One of the hardest things to learn is the proper three track angle for shoulder in – without the use of mirrors or a ground person, who can you tell you are in the right angle?
What is the right angle? Well – the horses shoulders are on the inside track with the legs moving on three tracks. Ie. the inside front leg is on one track (to the inside of the rail), outside front and inside hind on the same track and the outside hind on one track (on the rail). If the track is 12 o’clock, then shoulder in right the shoulders pointing to 1 o’clock and shoulder in left the shoulders are pointing to 11 o’clock at the same time the quarters at staying on the track/rail.
Here is a little trick to help find the right angle. Imagine you have a cone or a person standing beside the horses shoulders on the track. When you are in shoulder in, the person has a comfortable amount of space to walk beside you without being stepped on or squished against the wall (too little angle) – nor are the horses shoulders so far away from the person that you have the horse on four tracks (too much angle).
Try this at home and see if it helps you visualize the right angle for your shoulder in!
A few people have mentioned that even though they have been working on their core, lengthening and strengthening their hip flexors and addressing their alignment – as well as the exercises in the saddle with Lauren McGuire, their leg still wants to shrink up in the sitting trot and sometimes the canter too.
So I put together some things to check to see if perhaps there is a little thing you can change that will make it easier for you to have a long leg in the sitting trot. As well as another exercise to try to develop a longer leg.
Now, I know we all want to know the secret formula to a “10” position. But…. ya know I am gonna say this …. the secret is hard work, mindfulness, concentration and putting in the time to see the difference. And let’s face it, some horses are more challenging to sit than others! So give all of these videos a go and put in some time to work on it 5-10mins everyday and if you are committed to working on it you will see an improvement! Now go get to work!
“Flip your whip.”
“Put your whip on the outside.”
“Put your whip on the inside.”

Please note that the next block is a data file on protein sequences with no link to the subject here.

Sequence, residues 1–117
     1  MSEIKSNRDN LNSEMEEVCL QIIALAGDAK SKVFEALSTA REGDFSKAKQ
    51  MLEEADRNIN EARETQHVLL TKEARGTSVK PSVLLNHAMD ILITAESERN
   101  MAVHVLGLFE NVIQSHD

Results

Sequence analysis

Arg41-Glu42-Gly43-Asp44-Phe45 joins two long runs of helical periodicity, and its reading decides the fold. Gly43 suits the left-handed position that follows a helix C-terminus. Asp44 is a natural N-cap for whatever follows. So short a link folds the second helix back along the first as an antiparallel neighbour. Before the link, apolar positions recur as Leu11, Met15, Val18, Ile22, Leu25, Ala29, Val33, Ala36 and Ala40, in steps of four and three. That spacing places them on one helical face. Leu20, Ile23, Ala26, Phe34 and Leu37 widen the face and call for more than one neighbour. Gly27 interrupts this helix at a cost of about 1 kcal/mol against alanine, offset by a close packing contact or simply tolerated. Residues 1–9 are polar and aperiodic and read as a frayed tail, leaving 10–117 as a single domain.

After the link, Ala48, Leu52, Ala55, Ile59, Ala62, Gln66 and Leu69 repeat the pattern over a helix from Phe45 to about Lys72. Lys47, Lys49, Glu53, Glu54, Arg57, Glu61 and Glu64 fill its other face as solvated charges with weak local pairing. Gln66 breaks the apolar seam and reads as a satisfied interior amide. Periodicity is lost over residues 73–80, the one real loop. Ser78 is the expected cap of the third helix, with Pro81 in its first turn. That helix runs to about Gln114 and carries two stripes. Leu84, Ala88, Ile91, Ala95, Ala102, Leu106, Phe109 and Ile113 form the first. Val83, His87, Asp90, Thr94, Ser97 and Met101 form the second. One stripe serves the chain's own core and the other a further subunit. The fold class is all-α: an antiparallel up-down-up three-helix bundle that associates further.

We have heard it right?!? And the dressage whip is long! so you can’t (shouldn’t) pull it thru with your other hand like a sword. Its messy, and quite frankly slow and cumbersome. It is one of my pet peeves that people don’t, can’t or won’t flip their whip properly. It is fast and easy, as well as the least distruptive to your ride. Besides, it makes your riding look so much more polished and professional!
Now, as you move up the levels it will be more important to move it from side to side, hand to hand. You need your whip on the side you need it on for the movement you are doing – there is no steadfast rule of “always on the inside” or “always on the outside”. You need it sometimes either or both or whichever depending on what you are needing to do.
Flipping your whip is an easy skill to learn but takes a little time to master so you can Flip It Fast. Flip It Good … or whatever without dropping it, loosing your reins, whacking yourself or your horse.
Here it is quick and easy in a few simple “flip it” steps:
- Put both reins – or all the reins if riding in a double – in the hand you are holding the whip.
- Push the whip down to the end with your free hand so you are holding the whip at the top top by the nob.
- With your free hand, reach over with your pinkie to the sky, and palm of your hand facing foward (towards the horses head) while at the same time twisting your whip hold hand so your thumb goes down and pinkie to the sky (with the palm facing forward) so now your whip is facing up.
- Grab the whip with the free hand with your thumb touching the pinkie, both palms will be facing outwards and finish with your hands in normal position.
- Take your reins back into both hands.
Practice in the halt then at the walk and by then you will have it and down pat. Now go Flip It!